Skip to Content
How to spot scams targeting Zelle users
© Nataliia Mihova | Dreamstime.com
Security & privacy

Use a payment app? New scam stealing thousands from unsuspecting victims

There are plenty of dangers associated with online shopping. User-driven platforms like eBay and Facebook Marketplace are hotspots for scammers trying to tell fake products or not shop the items.

If that isn’t enough to put you off from shopping online, several other scams can be more damaging to your wallet. Cybercriminals will often go out of their way to launch sophisticated phishing scams to make a quick buck.

Read on for the latest online payment scam that is spreading fast and how you can prevent falling victim to it.

Here’s the backstory

It’s not all bad when it comes to shopping online. There are a few benefits, like having the option to pay through several outlets. Besides Visa or Mastercard, shoppers can often pay through PayPal or Venmo.

But if Zelle is your preferred method, you might want to double-check any communication from the platform. A new scam targets Zelle app users, and one victim lost as much as $3,500 to cybercriminals.

The methods used can differ, but the most common tactic is criminals impersonating Zelle agents. This is done through spoofing mobile numbers or emails so that the Caller ID on the victim’s phone or sender’s email address shows a Zelle contact.

The scammers will claim that a payment you attempted to make didn’t go through or another issue requiring authentication. Then, to seemingly correct the problem, criminals will instruct you to make a payment into a specific account. But beware! The account belongs to the scammers.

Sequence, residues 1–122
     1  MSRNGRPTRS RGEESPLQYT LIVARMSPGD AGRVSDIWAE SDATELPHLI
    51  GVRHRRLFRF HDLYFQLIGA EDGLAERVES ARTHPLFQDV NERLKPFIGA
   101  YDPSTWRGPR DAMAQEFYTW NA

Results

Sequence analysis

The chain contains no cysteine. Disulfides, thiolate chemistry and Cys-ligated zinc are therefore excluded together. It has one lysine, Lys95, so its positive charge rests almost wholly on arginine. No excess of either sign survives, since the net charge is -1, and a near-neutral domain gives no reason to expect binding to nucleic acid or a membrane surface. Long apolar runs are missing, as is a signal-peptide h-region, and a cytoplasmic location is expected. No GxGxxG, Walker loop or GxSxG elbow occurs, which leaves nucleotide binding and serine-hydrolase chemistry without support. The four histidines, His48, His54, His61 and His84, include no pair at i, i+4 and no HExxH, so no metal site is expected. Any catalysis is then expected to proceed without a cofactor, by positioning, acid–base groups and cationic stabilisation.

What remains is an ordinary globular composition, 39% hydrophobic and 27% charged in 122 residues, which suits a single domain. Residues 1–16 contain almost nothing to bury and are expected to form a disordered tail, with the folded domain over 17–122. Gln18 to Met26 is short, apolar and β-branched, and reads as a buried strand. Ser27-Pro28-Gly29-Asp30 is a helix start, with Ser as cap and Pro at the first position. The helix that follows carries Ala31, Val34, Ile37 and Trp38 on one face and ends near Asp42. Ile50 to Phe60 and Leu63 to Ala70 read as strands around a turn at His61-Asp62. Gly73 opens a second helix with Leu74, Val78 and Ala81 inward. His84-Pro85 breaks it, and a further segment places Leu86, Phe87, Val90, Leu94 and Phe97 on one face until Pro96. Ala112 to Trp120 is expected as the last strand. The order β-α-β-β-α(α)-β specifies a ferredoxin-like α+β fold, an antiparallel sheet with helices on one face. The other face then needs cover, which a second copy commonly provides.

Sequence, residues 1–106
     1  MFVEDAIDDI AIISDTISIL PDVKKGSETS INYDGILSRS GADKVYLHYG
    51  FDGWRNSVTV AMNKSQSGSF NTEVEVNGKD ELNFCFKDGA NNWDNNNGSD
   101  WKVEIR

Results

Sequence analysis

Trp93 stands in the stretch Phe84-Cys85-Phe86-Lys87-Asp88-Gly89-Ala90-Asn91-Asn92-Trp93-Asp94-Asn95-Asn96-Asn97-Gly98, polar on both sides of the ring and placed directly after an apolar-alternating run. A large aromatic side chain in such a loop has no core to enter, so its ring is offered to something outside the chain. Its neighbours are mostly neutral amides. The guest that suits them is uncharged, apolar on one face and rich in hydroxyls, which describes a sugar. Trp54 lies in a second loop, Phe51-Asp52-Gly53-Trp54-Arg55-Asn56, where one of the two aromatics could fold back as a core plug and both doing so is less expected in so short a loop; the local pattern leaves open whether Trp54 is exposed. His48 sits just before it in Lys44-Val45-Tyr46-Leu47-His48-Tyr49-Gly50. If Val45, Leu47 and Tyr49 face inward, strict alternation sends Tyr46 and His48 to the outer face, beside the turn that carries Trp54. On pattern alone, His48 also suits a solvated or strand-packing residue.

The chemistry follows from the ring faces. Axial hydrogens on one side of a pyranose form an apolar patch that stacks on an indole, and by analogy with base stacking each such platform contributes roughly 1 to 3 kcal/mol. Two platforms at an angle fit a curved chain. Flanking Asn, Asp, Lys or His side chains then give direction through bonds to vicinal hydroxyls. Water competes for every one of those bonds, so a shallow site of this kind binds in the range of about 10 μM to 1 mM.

But that is where it gets tricky. Even though a scammer initiated the phone call or email, Zelle said that users are the ones who authorized the payment, and you can’t get your money back.

Source: zellepay.com
zellepay.com

What you can do about it

Whether it’s your bank or another payment platform reaching out to you, treat all communications as potential phishing attacks. If you need to do business with a financial institution, contact them through official sources like phone numbers listed on the back of credit or debit cards.

If you don’t have a card to get an official number, go to the official website by typing it directly into your browser. Here are more suggestions to avoid falling victim to phishing scams:

  • If you receive a phone call claiming to be from a financial institution and it feels suspicious, hang up ASAP. Then call the institution through an official number to see if there really is an issue.
  • Don’t click on links and attachments that you receive in unsolicited emails.
  • If the message gives you a sense of urgency, delete it.
  • Spelling and grammar errors are big red flags.
  • Use two-factor authentication and password managers for better security.
  • Keep your operating systems, apps and devices updated with the latest official software and patches.
  • Always have a trusted antivirus program updated and running on all your devices. We recommend our sponsor, TotalAV. Right now, get an annual plan with TotalAV for only $19 at ProtectWithKim.com. That’s over 85% off the regular price!

Keep reading

True or false: The federal government is tracking payments to friends and family over $600

5 new eBay scams every buyer and seller needs to know about

Refer friends, earn rewards

Share your source of digital lifestyle news, tips and advice with friends and family, and you'll be on your way to earning awesome rewards!

Get started